I suppose BTC can't avoid being associated with all other cryptos in general. Common mind still makes little difference between various coins and bad rep of scam ICOs will spoil the one of Bitcoin as well, though it sounds unlogical
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June 02, 2018, 08:39:43 AM
 #29

To my mind, this ICO bubble can't affect industry or BTH or ETH greatly. The industry is really pushed forward by real developers and big investors, which anyway choose wisely and carefully. So, scams can only spoil image of crypto society in media, cause we here know that it has nothing to do with serious projects and future technologies
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June 02, 2018, 02:38:53 PM
Merited by gentlemand (2)
 #30

sounds like you're talking about mainstream (late) investors. hence "near the top of the s-curve."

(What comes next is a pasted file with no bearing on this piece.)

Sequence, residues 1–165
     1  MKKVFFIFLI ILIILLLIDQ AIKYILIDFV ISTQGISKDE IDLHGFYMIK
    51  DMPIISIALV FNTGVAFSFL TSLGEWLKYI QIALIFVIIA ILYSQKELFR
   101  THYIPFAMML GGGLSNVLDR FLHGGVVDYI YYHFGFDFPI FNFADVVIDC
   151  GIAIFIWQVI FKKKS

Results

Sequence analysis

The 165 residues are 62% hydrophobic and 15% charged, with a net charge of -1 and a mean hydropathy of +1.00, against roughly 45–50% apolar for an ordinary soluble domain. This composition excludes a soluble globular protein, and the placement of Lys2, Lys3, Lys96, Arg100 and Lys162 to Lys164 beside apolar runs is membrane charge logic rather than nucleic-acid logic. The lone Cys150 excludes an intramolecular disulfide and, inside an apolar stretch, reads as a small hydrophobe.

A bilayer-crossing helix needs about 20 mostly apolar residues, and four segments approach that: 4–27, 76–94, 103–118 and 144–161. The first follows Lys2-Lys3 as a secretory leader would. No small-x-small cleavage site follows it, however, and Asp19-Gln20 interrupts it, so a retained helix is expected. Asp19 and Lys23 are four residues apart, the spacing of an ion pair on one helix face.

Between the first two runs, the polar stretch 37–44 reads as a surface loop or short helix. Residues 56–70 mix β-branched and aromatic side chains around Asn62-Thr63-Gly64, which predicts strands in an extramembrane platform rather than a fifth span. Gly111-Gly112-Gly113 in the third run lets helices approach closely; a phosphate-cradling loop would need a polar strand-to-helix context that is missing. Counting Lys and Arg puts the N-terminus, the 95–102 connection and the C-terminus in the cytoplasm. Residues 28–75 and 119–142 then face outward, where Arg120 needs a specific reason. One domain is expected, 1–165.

i'm not disagreeing with what you're generally saying, it's just not what people usually mean by smart money, at least in crypto: https://www.reddit.com/r/Silverbugs/comments/4q5p6i/the_market_cycle_smart_money_vs_dumb_money/

when every tom, dick and harry working at wal mart is accessing bitcoin instruments through their retirement fund, i imagine we're officially in the "dumb money" stage.

what i was actually getting at was the trader's perspective. i've been trading this market for years, and let me tell you: 4-5 years ago there was so much money on the table. the days of easy money are long over in this market (outside of shitcoin pump and dump riding).....bitcoin trades much like gold and other chop fests now because the smart money arrived years ago IMO.